Banette, baguette, what’s the difference anyways? They are both types of bread.
Can we all just agree that it is hilarious that wizards in France fight with baguettes?!?!
Now I know that baguette wasn’t originally the name for a type of bread. The bread was named baguette because it was shaped like a baguette, aka a stick. **mind blown**
This is an anecdote that I remembered from the beginning of my time in France and have forgotten to share before. Once, I was hanging out with Cyril and a friend in a cafe and I was having trouble following the conversation. It seemed to me that they kept bringing up Jews into the conversation- I couldn’t understand why. I jumped into the conversation, ‘Why do you guys keep talking about Jews?’ ‘Jews? We aren’t talking about Jews?! We are talking about slapping each other!’ (Which is something French people like to joke about doing to people when they say stupid things.) (juifs vs. gifles-they don’t look alike on spelling but they have similar pronunciations)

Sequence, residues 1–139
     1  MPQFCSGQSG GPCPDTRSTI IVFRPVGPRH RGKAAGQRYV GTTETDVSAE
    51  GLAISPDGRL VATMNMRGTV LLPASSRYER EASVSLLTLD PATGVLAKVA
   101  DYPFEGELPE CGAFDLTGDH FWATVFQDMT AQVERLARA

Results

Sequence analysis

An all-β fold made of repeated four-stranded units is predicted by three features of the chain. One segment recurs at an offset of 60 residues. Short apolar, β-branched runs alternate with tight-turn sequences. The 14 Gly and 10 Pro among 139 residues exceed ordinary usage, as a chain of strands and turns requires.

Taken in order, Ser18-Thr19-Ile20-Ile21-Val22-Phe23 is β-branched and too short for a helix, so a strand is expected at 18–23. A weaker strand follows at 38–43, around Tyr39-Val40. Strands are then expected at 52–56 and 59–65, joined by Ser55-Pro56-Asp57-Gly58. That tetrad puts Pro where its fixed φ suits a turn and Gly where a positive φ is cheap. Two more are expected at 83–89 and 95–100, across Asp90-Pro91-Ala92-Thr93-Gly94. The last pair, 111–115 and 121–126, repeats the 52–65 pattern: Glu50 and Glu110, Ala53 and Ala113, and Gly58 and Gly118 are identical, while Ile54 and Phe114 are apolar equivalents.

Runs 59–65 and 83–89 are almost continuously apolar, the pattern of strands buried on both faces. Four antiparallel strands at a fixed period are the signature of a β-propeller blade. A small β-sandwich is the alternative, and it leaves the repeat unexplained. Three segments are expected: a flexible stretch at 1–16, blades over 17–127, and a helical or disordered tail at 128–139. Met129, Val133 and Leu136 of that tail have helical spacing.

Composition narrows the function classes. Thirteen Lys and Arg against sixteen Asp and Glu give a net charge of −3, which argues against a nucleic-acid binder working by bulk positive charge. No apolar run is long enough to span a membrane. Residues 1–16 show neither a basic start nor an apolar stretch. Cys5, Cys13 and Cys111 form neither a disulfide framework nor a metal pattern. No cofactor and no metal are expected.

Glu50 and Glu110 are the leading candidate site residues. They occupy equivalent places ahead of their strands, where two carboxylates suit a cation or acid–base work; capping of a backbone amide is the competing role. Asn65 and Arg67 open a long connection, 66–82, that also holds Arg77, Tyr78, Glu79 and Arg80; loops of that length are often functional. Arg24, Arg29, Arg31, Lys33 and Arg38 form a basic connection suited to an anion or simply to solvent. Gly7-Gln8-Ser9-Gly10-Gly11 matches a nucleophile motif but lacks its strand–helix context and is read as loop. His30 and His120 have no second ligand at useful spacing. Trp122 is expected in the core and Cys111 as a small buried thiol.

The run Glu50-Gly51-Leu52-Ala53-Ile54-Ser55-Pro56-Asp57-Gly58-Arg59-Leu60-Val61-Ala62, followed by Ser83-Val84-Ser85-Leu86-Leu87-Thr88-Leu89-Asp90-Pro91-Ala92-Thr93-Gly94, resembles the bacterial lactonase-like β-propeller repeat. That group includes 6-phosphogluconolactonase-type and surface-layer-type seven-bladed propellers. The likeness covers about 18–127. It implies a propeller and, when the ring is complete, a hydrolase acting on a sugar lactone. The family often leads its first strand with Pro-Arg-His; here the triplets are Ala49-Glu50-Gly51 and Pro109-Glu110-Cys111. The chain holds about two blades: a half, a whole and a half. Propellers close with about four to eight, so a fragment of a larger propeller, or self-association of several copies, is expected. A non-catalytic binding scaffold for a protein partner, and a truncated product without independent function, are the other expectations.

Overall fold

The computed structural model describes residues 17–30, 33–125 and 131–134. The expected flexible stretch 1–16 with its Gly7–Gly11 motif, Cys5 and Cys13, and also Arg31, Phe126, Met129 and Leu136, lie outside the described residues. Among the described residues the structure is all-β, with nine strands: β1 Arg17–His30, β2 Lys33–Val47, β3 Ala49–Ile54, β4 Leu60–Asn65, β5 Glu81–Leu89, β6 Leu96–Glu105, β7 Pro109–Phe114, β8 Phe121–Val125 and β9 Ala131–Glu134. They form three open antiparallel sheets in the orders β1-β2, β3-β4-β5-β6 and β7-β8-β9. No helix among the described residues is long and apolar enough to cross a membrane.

Last year I joined a club volleyball team. When we played matches competitively, I would get into it and yell encouragement. Sometimes I yelled out the same phrases I would have used in English, translating them directly into French. Occasionally my teammates would look at me strangely and ask, ‘What are you even saying? That doesn’t make any sense…’
Once I asked a volleyball friend if she was going to sleep in the next day, using the expression ‘faire la grasse mat‘ except I said ‘faire la grosse mat.‘ (to do a fat morning vs to do a big morning) She laughed, ‘Wow that is the cutest thing I have ever heard, I think I might adopt your expression from now on!’
Last Thanksgiving I cooked a big turkey for an American feast for my friends. After they had dug into their meal, I asked them, ‘How do you guys like the bird?’ Apparently in French you cannot refer to a turkey as a bird.